Health care professionals who take care of young male patients can have a significant impact on their patients’ preventive health behaviors. Health care professionals are educated about testicular cancer and TSE, but promotion of TSE during health maintenance visits is poor. This can be improved as evident by the greater percentage of female residents who have been taught how to perform BSE and how to teach BSE. To increase young male individuals’ TSE practices, we should increase health care workers’ TSE teaching and educational practices. The HBM’s constructs, especially self-efficacy and cues to action, could be used to design an intervention that would produce the desired outcome.
Testicular cancer is an important public health problem that needs to be addressed. The only known risks are all predetermined; therefore, a focus on earlier diagnosis and treatment through regular TSE is indicated. The most important factors involved in this sample of pediatric residents teaching TSE to their patients include confidence in performing a testicular examination, confidence in teaching TSE, and knowing someone with testicular cancer. Residency program directors could use this information to help ensure that their program is fulfilling their residents’ educational needs pertaining to male health. Information in this study could be used to design a theory-based educational intervention to help increase residents’ teaching practices. The HBM could be used to increase physician promotion of TSE and then ultimately increase young male individuals’ TSE practices.
We thank Kate Wilson for technical assistance with the management of the Internet survey.
- Received May 3, 2002.
- Accepted November 21, 2002.
- Reprint requests to (J.S.B.) Medical College of Georgia Sports Medicine Center, 937 15th St, Augusta, GA 30912. E-mail:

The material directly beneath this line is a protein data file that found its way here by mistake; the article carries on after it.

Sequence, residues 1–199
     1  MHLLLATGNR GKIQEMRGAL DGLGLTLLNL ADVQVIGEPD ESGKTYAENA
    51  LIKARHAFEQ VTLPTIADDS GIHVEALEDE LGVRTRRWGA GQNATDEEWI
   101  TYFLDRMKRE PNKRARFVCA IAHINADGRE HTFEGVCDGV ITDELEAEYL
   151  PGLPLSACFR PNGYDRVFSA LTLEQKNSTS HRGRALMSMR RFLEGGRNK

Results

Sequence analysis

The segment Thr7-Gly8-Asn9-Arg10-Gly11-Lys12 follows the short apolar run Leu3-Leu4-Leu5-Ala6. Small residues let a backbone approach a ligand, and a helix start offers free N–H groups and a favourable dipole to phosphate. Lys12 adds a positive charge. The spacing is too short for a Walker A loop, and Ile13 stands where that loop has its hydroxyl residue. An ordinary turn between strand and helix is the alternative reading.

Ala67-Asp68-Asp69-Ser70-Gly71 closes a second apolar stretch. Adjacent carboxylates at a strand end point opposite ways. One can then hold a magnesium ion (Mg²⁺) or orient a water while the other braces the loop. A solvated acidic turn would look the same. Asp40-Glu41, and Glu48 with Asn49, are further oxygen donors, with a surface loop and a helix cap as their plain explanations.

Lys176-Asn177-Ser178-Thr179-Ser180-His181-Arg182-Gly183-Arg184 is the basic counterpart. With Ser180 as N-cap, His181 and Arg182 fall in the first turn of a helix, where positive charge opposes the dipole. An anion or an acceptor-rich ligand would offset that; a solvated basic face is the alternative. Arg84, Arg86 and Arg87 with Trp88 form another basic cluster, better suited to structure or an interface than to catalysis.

Presented in part at the annual meeting of the Society for Adolescent Medicine, March 7, 2002, Boston, Massachusetts.
- ↵Iammarino NK, Scardino PT. Testicular cancer: the role of the primary care physician in prevention and early detection. Tex Med.199187 :66– 71
- ↵National Cancer Institute. SEER Cancer Statistics Review, 1973–1996. Bethesda, MD: National Cancer Institute;1998.
- ↵Goldenring JM, Purtell E. Knowledge of testicular cancer risk and need for self-examination in college students: a call for equal time for men in teaching of early cancer detection techniques. Pediatrics.198474 :1093– 1096
- ↵Thornhill JA, Conroy RM, Kelly DG, Walsh A, Fennelly JJ, Fitzpatrick JM. Public awareness of testicular cancer and the value of self examination. Br Med J (Clin Res Ed)1986293 :480– 481
- Marty PJ, McDermott RJ. Effects of two testicular cancer education programs on self-examination knowledge and attitudes among college-aged men. Health Educ.198516 :33– 35
- ↵Strecher VJ, Rosenstock IM. The health belief model. In: Glanz K, Lewis FM, Rimer BK, eds. Health Behavior and Health Education. San Francisco, CA: Jossey-Bass; 1997:41–59
- ↵Bandura A. Self-efficacy. In: Ramachandran VS, ed. Encyclopedia of Human Behavior. Vol. 4. New York, NY: Academic Press; 1994:71–81
- ↵Luther SL, Sroka S, Goormastic M, Montie JE. Teaching breast and testicular self-exams: evaluation of a high school curriculum pilot project. Health Educ.198516 :40– 43